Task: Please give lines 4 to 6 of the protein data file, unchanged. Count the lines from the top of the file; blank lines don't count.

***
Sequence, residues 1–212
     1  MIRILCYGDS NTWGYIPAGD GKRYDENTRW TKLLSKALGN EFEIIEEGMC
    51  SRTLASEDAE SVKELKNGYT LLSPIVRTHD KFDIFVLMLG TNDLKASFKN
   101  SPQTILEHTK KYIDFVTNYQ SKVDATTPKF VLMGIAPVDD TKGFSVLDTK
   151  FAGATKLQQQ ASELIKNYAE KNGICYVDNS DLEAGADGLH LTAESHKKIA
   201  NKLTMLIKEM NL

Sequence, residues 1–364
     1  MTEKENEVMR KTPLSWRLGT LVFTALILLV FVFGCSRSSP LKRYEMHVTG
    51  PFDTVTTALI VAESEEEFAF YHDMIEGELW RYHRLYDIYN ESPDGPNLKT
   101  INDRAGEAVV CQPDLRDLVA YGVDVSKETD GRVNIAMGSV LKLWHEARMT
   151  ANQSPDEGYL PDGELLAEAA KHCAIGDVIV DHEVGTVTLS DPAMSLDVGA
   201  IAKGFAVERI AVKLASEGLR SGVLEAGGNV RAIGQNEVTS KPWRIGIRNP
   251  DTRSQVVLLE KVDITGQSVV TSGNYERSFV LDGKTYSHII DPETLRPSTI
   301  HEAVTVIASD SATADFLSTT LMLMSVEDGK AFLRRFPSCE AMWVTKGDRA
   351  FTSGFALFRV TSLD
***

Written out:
   101  SPQTILEHTK KYIDFVTNYQ SKVDATTPKF VLMGIAPVDD TKGFSVLDTK
   151  FAGATKLQQQ ASELIKNYAE KNGICYVDNS DLEAGADGLH LTAESHKKIA
   201  NKLTMLIKEM NL